Refer to Cloud connector limitations for additional information.

Quick Start

Use this quick start to get up and running with the Confluent Cloud GCS sink connector. The quick start provides the basics of selecting the connector and configuring it to stream events to a GCS bucket using either the Confluent Cloud GUI or the Confluent Cloud CLI.

Prerequisites
  • Authorized access to a Confluent Cloud cluster on GCP.

  • The Confluent Cloud CLI installed and configured for the cluster. See Install and Configure the Confluent Cloud CLI.

  • Schema Registry must be enabled to use a Schema Registry-based format (for example, Avro, JSON_SR (JSON Schema), or Protobuf).

  • A GCP GCS bucket in the same region as your Confluent Cloud cluster.

  • A GCP service account. You download service account credentials as a JSON file. These credentials are used when setting up the connector configuration.

    Important

    Your GCP service account role must have permission to create new objects in the GCS bucket. For example, the Storage Admin role can be selected for this purpose. If you are concerned about security and do not want to use the Storage Admin role, only use the storage.objects.get and storage.objects.create roles. Also, note that the Storage Object Admin role does not work for this purpose.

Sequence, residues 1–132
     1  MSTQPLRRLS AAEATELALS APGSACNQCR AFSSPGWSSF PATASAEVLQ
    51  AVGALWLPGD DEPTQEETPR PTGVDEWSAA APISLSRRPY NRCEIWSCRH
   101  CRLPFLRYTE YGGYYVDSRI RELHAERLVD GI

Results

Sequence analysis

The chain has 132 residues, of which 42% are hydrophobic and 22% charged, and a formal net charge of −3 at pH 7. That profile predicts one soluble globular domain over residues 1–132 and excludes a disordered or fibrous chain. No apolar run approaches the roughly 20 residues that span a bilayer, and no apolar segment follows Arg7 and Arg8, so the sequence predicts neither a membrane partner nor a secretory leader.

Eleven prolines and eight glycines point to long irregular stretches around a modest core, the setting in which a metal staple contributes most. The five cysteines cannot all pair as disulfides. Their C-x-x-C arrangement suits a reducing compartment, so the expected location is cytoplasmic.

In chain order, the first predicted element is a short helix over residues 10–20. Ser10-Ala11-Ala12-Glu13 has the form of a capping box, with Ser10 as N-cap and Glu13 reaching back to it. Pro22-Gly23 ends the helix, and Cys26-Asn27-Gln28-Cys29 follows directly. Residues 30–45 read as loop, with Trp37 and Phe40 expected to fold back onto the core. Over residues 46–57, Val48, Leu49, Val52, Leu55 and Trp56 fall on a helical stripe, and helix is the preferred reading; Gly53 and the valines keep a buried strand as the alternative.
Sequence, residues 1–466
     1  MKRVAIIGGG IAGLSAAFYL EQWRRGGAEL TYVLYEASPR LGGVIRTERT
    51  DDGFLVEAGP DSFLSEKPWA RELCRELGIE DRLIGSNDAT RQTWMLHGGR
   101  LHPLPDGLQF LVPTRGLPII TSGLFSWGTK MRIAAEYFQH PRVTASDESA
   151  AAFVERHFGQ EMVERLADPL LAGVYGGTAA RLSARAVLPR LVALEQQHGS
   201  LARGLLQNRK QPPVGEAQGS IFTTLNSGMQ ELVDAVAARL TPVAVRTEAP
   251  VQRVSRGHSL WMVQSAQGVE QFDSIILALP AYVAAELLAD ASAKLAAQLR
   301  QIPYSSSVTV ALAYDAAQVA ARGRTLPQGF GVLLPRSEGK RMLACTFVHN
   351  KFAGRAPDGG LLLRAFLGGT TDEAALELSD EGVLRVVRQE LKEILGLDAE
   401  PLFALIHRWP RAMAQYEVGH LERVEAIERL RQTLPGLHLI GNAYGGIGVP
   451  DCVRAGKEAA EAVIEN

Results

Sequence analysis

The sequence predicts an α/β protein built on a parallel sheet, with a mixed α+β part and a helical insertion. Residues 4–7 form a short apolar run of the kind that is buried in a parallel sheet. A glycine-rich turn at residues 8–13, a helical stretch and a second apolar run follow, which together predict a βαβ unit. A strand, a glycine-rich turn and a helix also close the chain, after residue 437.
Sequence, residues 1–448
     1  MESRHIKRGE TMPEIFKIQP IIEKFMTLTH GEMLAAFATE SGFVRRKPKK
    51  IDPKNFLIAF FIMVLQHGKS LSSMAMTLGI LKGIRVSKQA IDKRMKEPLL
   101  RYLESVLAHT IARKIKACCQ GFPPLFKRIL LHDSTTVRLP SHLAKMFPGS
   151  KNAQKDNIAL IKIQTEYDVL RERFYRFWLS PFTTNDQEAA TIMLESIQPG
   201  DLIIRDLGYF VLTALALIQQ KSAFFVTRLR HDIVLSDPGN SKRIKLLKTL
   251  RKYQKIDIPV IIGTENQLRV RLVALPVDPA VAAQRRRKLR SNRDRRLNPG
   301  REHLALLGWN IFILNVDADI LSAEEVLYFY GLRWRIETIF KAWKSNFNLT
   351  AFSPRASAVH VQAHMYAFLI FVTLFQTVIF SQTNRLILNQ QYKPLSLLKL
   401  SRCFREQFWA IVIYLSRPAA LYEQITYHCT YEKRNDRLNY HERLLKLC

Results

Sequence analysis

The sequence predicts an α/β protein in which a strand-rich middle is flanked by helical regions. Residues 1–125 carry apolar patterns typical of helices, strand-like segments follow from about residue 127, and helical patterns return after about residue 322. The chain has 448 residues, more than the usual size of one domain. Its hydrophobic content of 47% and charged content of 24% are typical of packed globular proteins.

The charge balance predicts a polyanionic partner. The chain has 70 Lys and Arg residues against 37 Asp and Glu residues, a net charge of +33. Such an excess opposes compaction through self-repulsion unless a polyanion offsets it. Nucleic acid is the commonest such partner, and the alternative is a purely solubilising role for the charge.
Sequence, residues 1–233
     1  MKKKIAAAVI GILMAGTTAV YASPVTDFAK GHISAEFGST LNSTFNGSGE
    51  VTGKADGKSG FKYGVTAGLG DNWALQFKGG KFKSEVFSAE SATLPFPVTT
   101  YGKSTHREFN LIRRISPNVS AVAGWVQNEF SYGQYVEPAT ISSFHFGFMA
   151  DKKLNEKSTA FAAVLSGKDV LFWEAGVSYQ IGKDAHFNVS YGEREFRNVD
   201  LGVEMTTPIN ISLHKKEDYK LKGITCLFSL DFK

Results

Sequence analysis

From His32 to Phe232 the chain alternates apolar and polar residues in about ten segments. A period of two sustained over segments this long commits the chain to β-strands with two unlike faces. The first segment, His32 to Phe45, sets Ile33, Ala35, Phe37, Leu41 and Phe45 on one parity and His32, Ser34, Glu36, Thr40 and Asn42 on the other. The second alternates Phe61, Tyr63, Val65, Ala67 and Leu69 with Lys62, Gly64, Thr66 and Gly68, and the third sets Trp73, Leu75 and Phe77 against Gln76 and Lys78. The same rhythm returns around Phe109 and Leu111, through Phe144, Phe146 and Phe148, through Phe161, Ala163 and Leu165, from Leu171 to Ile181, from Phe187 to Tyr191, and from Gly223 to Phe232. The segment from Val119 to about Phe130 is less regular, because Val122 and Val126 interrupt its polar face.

• Kafka cluster credentials. You can use one of the following ways to get credentials:
    • Create a Confluent Cloud API key and secret. To create a key and secret, go to Kafka API keys in your cluster or you can autogenerate the API key and secret directly in the UI when setting up the connector.
    • Create a Confluent Cloud service account for the connector.

Caution

You can’t mix schema and schemaless records in storage using kafka-connect-storage-common. Attempting this causes a runtime exception. If you are using the self-managed version of this connector, this issue will be evident when you review the log files (only available for the self-managed connector).

Using the Confluent Cloud GUI

Complete the following steps to set up and run the connector using the Confluent Cloud GUI.

Step 1: Launch your Confluent Cloud cluster.

See the Quick Start for Apache Kafka using Confluent Cloud for installation instructions.

Step 2: Add a connector.

Click Connectors. If you already have connectors in your cluster, click Add connector.

Step 3: Select your connector.

Click the Google Cloud Storage Sink connector icon.

Google Cloud Storage Sink Connector Icon

Step 4: Set up the connection.

Note

  • Make sure you have all your prerequisites completed.
  • An asterisk ( * ) designates a required entry.

Complete the following and click Continue.

  1. Select one or more Topic names.

  2. Enter a Connector Name.